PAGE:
At City of Hope, patients are partners in transforming care

May 12, 2015 | by Luciana Starks

When you want to understand how to enhance the patient experience, go straight to the source: The patients.

Since its establishment in 2008, City of Hope’s Patient and Family Advisory Council has helped improve the experience of patients and their families throughout the institution. El Concilio, the Spanish-speaking advisory council, has similarly helped improve services for Hispanic patients and caregivers. Zelia de Sousa, council chair (shown above) Since its establishment in 2008, City of Hope’s Patient and Family Advisory Council has helped improve the experience of patients and their families throughout the institution.  Zelia de Sousa, council chair (shown above)

Patients and their families offer unique perspectives on care and services and can provide valuable insights about what is working well and what is not. That’s why City of Hope turns to them for advice.

Since its establishment in 2008, City of Hope’s Patient and Family Advisory Council has helped improve the experience of patients and their families throughout the institution. El Concilio, the Spanish-speaking advisory council, has similarly helped improve services for Hispanic patients and caregivers.

In the last six months, the Advisory Council has partnered with the director of security to add parking spaces and way-finding signage to the main campus in Duarte, California; collaborated with Volunteer Services to increase volunteer support and snacks in patient infusion areas; and advocated for expanded after-hour food options for families accompanying patients for treatment. El Concilio created maps for Spanish-speaking patients and their families and were integral in the development of City of Hope’s Spanish website.

“By partnering with patients and families on projects — and incorporating their perspectives in planning and decision-making — we advance patient and family-centered care,” said Annette Mercurio, M.P.H., M.C.H.E.S., director of programs for the Department of Supportive Care Medicine.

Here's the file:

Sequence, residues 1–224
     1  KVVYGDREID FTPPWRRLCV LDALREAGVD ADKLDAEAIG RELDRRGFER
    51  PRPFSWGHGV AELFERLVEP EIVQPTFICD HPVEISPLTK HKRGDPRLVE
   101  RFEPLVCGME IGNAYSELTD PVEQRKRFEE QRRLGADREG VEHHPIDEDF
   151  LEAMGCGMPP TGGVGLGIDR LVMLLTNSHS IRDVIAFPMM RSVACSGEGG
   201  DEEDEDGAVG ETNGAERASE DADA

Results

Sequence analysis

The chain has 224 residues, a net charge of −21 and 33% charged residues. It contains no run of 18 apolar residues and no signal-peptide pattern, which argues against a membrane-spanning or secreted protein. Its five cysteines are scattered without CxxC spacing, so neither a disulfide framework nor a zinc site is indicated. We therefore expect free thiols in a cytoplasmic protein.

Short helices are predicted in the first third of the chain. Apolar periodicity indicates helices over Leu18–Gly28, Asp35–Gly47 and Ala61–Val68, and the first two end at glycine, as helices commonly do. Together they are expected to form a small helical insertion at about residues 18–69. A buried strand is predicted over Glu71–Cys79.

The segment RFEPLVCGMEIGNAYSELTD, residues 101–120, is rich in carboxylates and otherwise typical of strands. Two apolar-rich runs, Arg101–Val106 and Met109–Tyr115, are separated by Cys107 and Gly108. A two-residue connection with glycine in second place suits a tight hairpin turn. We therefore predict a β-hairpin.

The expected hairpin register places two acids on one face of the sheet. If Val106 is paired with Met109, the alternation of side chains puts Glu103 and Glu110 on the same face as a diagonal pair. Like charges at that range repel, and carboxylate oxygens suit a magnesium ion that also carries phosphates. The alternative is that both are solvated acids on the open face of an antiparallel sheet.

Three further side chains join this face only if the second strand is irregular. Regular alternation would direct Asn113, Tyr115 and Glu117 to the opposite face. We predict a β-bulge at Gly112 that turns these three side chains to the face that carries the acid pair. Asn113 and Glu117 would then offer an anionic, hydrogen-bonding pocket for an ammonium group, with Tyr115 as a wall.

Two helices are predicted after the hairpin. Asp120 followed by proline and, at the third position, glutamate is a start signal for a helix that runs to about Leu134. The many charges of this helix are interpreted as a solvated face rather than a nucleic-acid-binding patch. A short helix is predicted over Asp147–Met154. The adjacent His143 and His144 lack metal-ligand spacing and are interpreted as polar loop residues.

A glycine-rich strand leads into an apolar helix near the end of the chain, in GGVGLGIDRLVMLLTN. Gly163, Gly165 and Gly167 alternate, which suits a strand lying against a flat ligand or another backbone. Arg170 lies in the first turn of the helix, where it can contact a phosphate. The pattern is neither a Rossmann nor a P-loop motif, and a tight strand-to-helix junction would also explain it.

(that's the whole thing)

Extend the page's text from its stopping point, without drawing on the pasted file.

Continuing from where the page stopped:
The council is sponsored by the Sheri & Les Biller Patient and Family Resource Center and the Department of Supportive Care Medicine and is composed of 22 City of Hope patients or family caregivers, and three City of Hope staff members.

Council members’ unique experiences and insights provide a rich complement to the traditional perspective of doctors, nurses and other health care providers.

The role of the Advisory Council, which meets on a monthly basis, is to:

  • Provide feedback based on personal experiences.
  • Identify patient and family needs and concerns.
  • Build upon personal insights and generate new ideas to improve the standard of care.
  • Act as catalysts and advocates to integrate patient-centered care and services across the institution.
The council’s accomplishments to date include:
  • Development of programs and information: The council helped develop the Patient and Family Orientation Class and the Chemotherapy Class, and its feedback led to the creation of numerous patient and family education materials, such as the patient care guides now provided to all inpatients and outpatients.
  • Process improvement: Member experiences helped shape the redesign of the ambulatory care environment, helped streamline the patient registration process, reduced infusion wait times and improved the efficiency of specimen transport.
  • Facilities feedback: The council participated in the redesign of ambulatory surgery clinics, emphasizing the perspective of those actually undergoing treatment.
The council is so adept at improving the hospital experience of current, and future, patients that it has been presented as a best practice model at regional, national and international conferences of health care leaders.

Mercurio said City of Hope’s patient and family advisory councils demonstrate the power of engaging patients and families as partners in everything that touches them — from care redesign and program planning to policy development and enhancing the overall care experience.

For more information on the Patient and Family Advisory Council at City of Hope, contact the council coordinator, Becky Andrews at [email protected]

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Learn more about becoming a patient or getting a second opinion by visiting our website or by calling 800-826-HOPE (4673). You may also request a new patient appointment online. City of Hope staff will explain what's required for a consult at City of Hope and help you determine, before you come in, whether or not your insurance will pay for the appointment.

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